Credit card - A credit card lets you borrow money from a bank to make purchases, be those a laptop or a plane ticket. You’ll get a personalised credit limit and interest rate based on your profile and affordability. If you pay back the money you’ve used within the interest-free period, usually 55 days, you won’t be charged any interest. If you don’t, you’ll need to pay the money you owe plus interest. Most credit card interest rates are about 18%, but at Capitec it ranges from 7 to 17.5%, and is based on your credit profile. There are also a number of benefits to a credit card, such as free basic travel insurance.

Access facility - An access facility gives you revolving credit to use how and when you want or need to, whether it’s for an unplanned expense, upgrading your home or paying for your children's education. You apply once-off for this facility, but you have access to the money over your lifetime. This means you can use it whenever you need it as it’s your decision to access the available balance if a need or opportunity presents itself. You’re only charged when you use it.

Capitec offers access facilities of up to R250 000 with a repayment period of up to 60 months.

Home loan - This is a large sum of money borrowed from a bank to buy a house or property. When you take out a home loan, you make a promise to repay what you’ve borrowed, plus interest at an agreed-upon rate, over a specified period of time (usually 20 years). Capitec offers home loans for properties valued up to R5 million over 30 years and has simplified the application process by offering potential clients an easy 4-step online application. This product has one of the fastest application processes in the country, allowing clients to initiate an application in under 5 minutes, alongside highly competitive interest rates.

Personal loan - A personal loan is an amount of money borrowed from a bank that you repay in fixed monthly payments or instalments over a period of time. Capitec offers personal loans of up to R250 000 that are payable over 1 to 84 months, with interest rates from 12.9%.

Vehicle finance - Unsecured vehicle finance gives you the money you need to buy a car. This is similar to a personal loan, which means the interest rate will depend on your profile. Capitec has partnered with WeBuyCars and will finance any car of any age up to R250 000. You can take out a loan either for the full purchase price or to top up your cash deposit. When you pay upfront for your car with an unsecured loan it belongs to you the minute you drive it out of the dealership, instead of your bank until you’ve paid the loan in full.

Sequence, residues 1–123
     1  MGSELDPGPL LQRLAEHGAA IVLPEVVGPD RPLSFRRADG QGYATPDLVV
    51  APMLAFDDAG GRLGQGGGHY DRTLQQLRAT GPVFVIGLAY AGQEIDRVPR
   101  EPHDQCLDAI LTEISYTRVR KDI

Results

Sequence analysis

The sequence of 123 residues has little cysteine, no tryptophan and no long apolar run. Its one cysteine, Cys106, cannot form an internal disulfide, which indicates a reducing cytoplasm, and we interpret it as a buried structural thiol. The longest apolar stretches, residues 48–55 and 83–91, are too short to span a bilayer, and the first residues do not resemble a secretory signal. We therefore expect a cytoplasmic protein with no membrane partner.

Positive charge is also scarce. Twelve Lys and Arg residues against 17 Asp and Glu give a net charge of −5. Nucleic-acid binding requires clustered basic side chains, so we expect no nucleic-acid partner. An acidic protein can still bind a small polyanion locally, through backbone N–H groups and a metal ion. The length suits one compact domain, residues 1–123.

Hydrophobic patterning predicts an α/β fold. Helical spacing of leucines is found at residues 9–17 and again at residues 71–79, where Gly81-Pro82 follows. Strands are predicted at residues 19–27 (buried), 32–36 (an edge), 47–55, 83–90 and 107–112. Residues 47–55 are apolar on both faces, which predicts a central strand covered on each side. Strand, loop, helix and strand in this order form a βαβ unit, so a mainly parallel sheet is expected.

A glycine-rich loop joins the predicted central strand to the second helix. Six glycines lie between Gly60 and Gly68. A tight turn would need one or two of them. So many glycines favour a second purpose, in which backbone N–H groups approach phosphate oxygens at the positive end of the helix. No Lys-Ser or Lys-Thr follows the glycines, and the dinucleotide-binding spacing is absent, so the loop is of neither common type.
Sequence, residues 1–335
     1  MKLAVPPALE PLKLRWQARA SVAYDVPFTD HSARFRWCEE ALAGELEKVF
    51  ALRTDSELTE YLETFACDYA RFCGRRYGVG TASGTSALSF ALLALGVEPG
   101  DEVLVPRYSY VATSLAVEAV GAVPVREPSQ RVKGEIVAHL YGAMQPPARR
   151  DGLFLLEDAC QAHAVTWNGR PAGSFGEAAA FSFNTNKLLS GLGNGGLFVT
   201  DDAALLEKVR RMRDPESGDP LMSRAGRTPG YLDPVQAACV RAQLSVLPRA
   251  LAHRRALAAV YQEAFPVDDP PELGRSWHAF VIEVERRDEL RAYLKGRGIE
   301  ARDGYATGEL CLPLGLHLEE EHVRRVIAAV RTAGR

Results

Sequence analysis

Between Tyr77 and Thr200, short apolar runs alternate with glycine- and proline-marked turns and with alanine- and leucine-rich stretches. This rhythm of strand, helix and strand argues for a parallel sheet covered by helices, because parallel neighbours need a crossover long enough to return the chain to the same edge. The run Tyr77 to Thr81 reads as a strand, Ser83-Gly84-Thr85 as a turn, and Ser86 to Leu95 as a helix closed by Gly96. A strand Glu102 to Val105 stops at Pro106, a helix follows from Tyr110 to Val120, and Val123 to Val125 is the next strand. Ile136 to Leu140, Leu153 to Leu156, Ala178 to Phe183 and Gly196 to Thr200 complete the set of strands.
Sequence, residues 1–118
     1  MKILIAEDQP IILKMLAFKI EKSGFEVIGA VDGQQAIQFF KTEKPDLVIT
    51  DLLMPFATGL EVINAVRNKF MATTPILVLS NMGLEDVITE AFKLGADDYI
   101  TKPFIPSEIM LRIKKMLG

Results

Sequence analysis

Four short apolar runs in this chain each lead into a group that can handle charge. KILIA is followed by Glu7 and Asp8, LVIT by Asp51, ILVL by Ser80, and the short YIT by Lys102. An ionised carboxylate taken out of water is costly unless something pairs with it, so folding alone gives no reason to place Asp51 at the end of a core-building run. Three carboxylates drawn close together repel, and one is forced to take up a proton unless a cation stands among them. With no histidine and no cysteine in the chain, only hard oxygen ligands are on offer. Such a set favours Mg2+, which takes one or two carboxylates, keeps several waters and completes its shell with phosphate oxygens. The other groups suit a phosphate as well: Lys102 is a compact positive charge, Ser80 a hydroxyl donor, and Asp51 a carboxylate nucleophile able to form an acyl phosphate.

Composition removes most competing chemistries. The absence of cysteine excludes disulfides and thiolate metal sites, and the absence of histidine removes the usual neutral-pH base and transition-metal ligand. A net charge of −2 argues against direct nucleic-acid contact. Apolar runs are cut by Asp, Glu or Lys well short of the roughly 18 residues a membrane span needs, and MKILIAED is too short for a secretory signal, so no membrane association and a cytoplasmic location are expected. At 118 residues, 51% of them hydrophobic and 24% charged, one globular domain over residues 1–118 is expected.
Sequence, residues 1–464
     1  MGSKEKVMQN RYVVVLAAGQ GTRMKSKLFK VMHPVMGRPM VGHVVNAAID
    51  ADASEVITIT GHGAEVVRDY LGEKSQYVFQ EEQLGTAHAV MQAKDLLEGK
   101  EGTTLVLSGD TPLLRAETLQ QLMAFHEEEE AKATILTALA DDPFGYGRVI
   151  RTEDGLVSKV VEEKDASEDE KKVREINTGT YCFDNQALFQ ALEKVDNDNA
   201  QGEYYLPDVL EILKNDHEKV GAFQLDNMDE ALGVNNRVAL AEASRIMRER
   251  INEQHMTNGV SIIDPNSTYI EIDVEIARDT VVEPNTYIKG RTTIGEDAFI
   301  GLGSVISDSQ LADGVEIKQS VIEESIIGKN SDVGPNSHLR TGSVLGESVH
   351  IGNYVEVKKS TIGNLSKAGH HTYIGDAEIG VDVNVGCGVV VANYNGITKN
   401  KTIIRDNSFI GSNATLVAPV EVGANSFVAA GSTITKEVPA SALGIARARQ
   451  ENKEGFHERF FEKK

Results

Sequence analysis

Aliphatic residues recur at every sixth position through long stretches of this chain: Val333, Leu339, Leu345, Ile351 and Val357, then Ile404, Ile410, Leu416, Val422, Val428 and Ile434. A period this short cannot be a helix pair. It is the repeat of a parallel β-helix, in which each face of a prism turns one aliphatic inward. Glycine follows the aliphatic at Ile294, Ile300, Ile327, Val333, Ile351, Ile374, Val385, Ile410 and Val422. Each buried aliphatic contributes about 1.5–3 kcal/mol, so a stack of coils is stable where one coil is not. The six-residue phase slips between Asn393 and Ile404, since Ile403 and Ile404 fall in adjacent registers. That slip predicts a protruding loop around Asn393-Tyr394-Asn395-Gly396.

5 things you can do to be fit for credit

Here are 5 things that can help you get the best interest rate possible.

The basics of credit

Don’t miss part 2 of The Credit Boot Camp. Read it here.

Was this article helpful?

you may also like...

View All Other Articles View All
The Credit Boot Camp part 9: 3 times you could say yes to more debt

The Credit Boot Camp part 9: 3 times you could say yes to more debt

We don’t like talking about our financial responsibilities, especially when it comes to debt. But, what if we told you there are certain instances when you should say yes to more debt? Intrigued? Read on.

Read More
The Credit Boot Camp part 8: How to get the best out of your credit card

The Credit Boot Camp part 8: How to get the best out of your credit card

Credit cards can play an important part in your financial wellness. Here’s how to get the most out of yours.

Read More
The Credit Boot Camp part 7: Why – and how – an access facility can help you realise your dreams

The Credit Boot Camp part 7: Why – and how – an access facility can help you realise your dreams

When you use credit such as an access facility, for the right reasons, it can positively impact your life.

Read More
The Credit Boot Camp part 6: Practising good credit behaviour

The Credit Boot Camp part 6: Practising good credit behaviour

In this instalment, we’re going to share some tips on how to keep your credit score in good shape.

Read More
View All Other Articles